With Queensland confirmed to host this year’s AFL grand final, questions loom as to how the event will be executed. So just how hard will it be to snag one of the 30,000 seats and how much will tickets cost? Here’s what we know.

It’s official  this year’s AFL grand final will be held in the Sunshine State.
The Gabba will no doubt be packed with local fans, eager to witness a historic sporting moment play out before their eyes, rather than on a television set.
But the unprecedented move has sparked several questions as to how the event will be executed.
How hard will it be to snag one of the 30,000 seats? Will a ticket cost you an arm and a leg? What about the Brownlow Medal?
Here’s what we know so far about this year’s Queensland AFL grand final.
How much will tickets cost?
This is the first time in the AFL’s 124-year history of grand finals that Queensland will play host, so tickets to this historic event won’t be cheap.
The crowd will also be a lot smaller this year, meaning there will be fewer tickets up for grabs.
The Gabba can seat about 30,000 people.(ABC Rae Allen)
The MCG holds about 100,000 people, whereas the Gabba only seats about 30,000.
To get a gauge of what ticket prices might be like this year, we looked at last year’s grand final sales where the cheapest adult ticket was $155 and the most expensive was $422.
On average, ticket prices tend to go up each year, so you can expect to pay more than that in 2020.
Can anyone buy a ticket?
Having the money might not be enough to score a ticket, AFL Fixtures boss Travis Auld said the code would prioritise club members.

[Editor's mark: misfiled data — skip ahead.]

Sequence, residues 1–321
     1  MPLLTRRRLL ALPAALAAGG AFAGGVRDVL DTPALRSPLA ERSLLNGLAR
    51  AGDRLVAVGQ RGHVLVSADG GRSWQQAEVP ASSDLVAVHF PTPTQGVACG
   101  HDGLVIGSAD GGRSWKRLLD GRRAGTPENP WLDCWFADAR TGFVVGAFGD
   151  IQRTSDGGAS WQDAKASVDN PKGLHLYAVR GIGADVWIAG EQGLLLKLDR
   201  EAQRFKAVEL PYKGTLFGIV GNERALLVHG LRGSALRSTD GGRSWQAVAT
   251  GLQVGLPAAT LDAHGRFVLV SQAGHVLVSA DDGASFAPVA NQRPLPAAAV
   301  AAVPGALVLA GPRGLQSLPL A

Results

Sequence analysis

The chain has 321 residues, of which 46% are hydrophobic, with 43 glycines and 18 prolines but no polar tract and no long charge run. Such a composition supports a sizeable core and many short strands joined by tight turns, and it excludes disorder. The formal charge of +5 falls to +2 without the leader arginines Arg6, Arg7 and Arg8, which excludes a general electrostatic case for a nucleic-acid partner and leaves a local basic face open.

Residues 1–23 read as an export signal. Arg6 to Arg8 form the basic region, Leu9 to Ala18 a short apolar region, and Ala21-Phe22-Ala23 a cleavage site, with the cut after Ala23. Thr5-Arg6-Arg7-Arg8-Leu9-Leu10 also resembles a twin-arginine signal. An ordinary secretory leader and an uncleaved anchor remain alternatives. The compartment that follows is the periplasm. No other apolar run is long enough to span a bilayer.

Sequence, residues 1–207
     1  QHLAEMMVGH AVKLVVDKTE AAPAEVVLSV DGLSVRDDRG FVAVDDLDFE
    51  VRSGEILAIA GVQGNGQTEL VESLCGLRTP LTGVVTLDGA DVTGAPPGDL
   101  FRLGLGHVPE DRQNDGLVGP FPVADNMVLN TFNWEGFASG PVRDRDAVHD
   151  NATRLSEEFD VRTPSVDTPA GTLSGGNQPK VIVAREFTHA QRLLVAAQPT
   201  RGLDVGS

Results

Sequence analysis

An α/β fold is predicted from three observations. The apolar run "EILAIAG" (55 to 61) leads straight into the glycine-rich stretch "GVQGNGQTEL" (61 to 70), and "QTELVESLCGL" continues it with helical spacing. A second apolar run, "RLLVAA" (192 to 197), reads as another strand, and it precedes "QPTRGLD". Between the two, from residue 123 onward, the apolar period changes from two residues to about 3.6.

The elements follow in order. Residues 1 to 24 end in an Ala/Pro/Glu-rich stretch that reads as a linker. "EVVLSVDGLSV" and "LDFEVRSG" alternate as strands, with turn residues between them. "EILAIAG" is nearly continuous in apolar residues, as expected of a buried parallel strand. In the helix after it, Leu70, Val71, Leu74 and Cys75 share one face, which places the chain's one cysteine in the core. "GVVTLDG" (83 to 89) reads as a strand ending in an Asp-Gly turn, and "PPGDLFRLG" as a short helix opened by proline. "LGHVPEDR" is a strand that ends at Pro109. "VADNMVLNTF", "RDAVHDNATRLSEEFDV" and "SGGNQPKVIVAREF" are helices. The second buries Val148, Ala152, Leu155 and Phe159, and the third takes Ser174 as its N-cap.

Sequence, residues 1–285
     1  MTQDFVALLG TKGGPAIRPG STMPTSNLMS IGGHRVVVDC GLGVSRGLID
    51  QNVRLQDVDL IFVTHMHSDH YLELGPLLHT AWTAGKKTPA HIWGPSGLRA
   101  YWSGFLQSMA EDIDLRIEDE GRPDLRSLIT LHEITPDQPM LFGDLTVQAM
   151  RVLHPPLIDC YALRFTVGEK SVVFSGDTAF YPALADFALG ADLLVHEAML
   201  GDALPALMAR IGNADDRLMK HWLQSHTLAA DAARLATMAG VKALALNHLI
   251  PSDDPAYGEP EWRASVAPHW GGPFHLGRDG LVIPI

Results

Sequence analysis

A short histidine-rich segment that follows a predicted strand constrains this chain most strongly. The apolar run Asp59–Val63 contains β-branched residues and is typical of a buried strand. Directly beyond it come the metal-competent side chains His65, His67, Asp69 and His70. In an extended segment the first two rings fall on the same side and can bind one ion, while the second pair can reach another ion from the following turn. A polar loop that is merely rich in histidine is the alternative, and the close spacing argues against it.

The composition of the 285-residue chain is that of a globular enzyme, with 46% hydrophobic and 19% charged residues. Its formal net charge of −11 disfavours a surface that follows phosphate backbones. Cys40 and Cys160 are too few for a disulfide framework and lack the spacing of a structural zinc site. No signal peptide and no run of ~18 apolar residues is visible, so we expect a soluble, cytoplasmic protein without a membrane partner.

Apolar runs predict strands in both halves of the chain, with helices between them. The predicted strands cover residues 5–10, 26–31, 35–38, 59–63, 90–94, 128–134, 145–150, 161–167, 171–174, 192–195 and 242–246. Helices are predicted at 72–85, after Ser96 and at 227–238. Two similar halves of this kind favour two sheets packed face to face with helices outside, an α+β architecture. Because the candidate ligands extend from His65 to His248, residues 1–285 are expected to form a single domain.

“If Brisbane makes the grand final, then good luck getting a ticket for the Brisbane members,” he said.
“We’ll have to see who makes the grand final and allocate tickets with the membership base in the state.”
AFL Fixtures boss Travis Auld says “good luck” to Brisbane Lions fans hoping for a seat at the grand final.(AAP: Darren England)
Will the match be played at night?
For the first time, the grand final will be played under lights with first bounce tipped to be at 7:00pm on Saturday October 24.
Traditionally, grand finals are played at 2:30pm AEST, but there was some pressure among AFL decision-makers to make it a night-time event.
AFL CEO Gillon McLachlan said an evening match would give the code the “opportunity to make it a truly unique event”.
He said if there was success in holding the match at night this year, he would consider making it a new tradition for future grand finals.
There have also been calls for Australian musicians to perform at half-time, but there have so far been no hints as to which Aussie acts might grace the stage.
Will the Brownlow Medal also be held in Queensland?
We don’t know yet.
AFL fixtures boss Travis Auld said there had been discussions around the “format” of the Brownlow, which suggests the AFL’s most prestigious awards night could look slightly different to previous years.
He said the awards night would not be held in Melbourne, but said the new location would largely depend on the “format” of the event.
Nat Fyfe won the 2019 Brownlow Medal which is typically held at the Crown Palladium in Melbourne.(AAP: Michael Dodge)
At this stage it’s unclear whether players and their partners will be able to physically attend the event due to coronavirus restrictions.
“We just need to think about how we do that,” Mr Auld said.
“We need to work out whether we run it as an event with people attending, and we’ll work closely with the Queensland Government again on how that might occur.”
Will it be moved online, like many other events this year? Or will Queensland snag yet another major sporting event?
We’ll have to wait and see.
Will Victoria still get its public holiday?
Yes, Victorians can relax knowing they will still get a day off on October 23.
But this year, the state’s Premier, Daniel Andrews has renamed the holiday to ‘Thank You Day’.
Last month, Mr Andrews said Victorians had earned their public holiday after a “really, very, very difficult year”.